One piece of advice that I give to every up-and-coming administrative assistant is this: NEVER SIT IDLE! If you have nothing to do, then go out and find something to do. Occasionally, though, you do find yourself temporarily at loose ends, so here’s a list of 10 things to do when you have nothing to do.
1. Clean up/Reorganize your desk
Go through your whole desk. Clean out the inevitable junk drawer, move things around to make them more accessible, toss out old pens that don’t write, clean your keyboard, monitor and phone (in my experience these always need cleaning), move your deskpad and clean under it, clean the crumbs and dust from your keyboard tray. In other words, just give everything a good sprucing up and make everything nice and organized.
2. Review Your Files
Go through and review all of your files. Start with your working files. Make sure everything is current and appropriately labeled. Make sure no labels are falling off and need to be replaced. Move any no longer current files to your reference/history files. When you’re done, do the same thing for your main files, moving older items to archives. If you haven’t already done so, type up a file structure for handy reference for when you’re looking for a file but can’t remember where you filed it (that’s saved my buns a time or two).
3. Read Through Your Contacts
Whether you keep them hard copy in a Rolodex or electronically in a program like MS Outlook, you should periodically review your contacts and update the information. I’m not just talking about phone number and address, but also little details you learn over time like the assistant’s name and number (vital information), spouse and childrens’ names, likes and dislikes. Also any negatives that you might need to know about next time they visit or call, like we had a major glitch on their account last year and really, really want to keep them happy. These are the kinds of details that help cement relationships and make clients feel appreciated.
4. Review Your Desk Reference/Procedures Manual
Go through your Desk Reference/ Procedures Manual and look for items that need updating or adding. Have you taken on a new duty that you don’t have documented? Have some of your duties changed? Take time to update your desk manual so anyone coming in behind you knows how things are done.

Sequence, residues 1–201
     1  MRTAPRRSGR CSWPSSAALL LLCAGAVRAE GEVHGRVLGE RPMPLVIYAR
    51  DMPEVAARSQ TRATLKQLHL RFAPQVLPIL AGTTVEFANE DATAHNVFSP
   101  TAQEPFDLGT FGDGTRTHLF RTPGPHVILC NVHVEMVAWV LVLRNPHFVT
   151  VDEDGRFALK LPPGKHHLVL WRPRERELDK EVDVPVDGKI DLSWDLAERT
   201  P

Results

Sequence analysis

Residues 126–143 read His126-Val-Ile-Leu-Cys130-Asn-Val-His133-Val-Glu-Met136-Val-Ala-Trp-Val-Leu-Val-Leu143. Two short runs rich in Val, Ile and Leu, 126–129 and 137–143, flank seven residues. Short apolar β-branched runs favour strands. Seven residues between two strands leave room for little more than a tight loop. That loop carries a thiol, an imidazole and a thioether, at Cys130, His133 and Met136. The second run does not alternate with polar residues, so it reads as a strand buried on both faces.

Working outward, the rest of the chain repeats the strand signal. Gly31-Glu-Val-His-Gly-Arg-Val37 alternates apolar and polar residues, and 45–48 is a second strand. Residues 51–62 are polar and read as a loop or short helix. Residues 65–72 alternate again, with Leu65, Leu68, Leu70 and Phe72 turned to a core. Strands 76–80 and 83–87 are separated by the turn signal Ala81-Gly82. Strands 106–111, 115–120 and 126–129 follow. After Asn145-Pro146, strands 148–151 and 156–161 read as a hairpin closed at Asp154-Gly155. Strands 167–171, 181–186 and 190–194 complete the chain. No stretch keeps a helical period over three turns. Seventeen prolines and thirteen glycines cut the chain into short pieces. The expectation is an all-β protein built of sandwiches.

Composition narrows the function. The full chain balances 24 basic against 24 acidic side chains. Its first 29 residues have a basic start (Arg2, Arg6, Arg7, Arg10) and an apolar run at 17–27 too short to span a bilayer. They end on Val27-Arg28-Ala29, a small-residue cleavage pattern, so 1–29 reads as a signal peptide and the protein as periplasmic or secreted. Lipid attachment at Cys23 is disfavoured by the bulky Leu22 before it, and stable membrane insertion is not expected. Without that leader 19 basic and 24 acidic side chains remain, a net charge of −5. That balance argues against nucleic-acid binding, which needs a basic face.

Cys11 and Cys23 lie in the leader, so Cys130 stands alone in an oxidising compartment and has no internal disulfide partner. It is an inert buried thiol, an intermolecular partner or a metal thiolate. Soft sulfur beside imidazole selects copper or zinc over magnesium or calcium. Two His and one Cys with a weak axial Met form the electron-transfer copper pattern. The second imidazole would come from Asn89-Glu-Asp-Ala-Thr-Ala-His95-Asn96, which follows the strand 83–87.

What do you mean you don’t have a Desk Reference Manual? Well, this is the perfect time to make one, isn’t it?
5. Organize Office Supplies
It’s been my experience that it doesn’t matter how often you organize your office supplies, they always need straightening again. I don’t know what it is, but when people get into the office supply cabinet, they are like little kids, just scattering things too and fro. Straightening up the office supply cabinet is always good for a few minutes work when you’re at loose ends, and people actually do notice and appreciate when the supply cabinet is user friendly.
6. Set up Recurring Tasks
Go into MS Outlook and set up recurring tasks for all of your daily, weekly, monthly and yearly duties. That way, when days are crazy, it’s easy to remember tasks that might otherwise slip your mind. I have reminders set up for little things like remembering to lock my file cabinets when I leave, as well as big things like running year end reports. While I don’t need the reminders every day for some tasks, it’s nice to have them there on those infrequent days that I do forget them.
7. Review Your Office Equipment
Is some of your office equipment aging? Spend some time looking at and pricing alternatives so when you do need to replace some of your equipment, you can do so quickly and easily.
8. Redesign Reports
Are there some regular reports that you look at and think could be done better, but you just never had the time? Well, now you do. Go in and redesign some of those reports that have good information but are ugly to look at or the ones that have good information but could have better. I always like to keep a list of little projects like this to have around for when times are slower.
9. Enter Business Cards into Contacts
Enter that huge stack of business cards your boss is hoarding into his Contacts list in Outlook. If you have a business card scanner, that makes it even easier.
10. Brush Up On Your Software Skills
These days the amount of software skill a good administrative assistant is expected to know is mind boggling. Use your down time to increase your skill with existing software, or even expand your skills with new software.
Remember, nothing looks worse for an Administrative Assistant or other office professional than to be seen sitting idle. Regardless of how much work you do, trust me, what they’ll remember at review time was the one time they saw you sitting with nothing to do.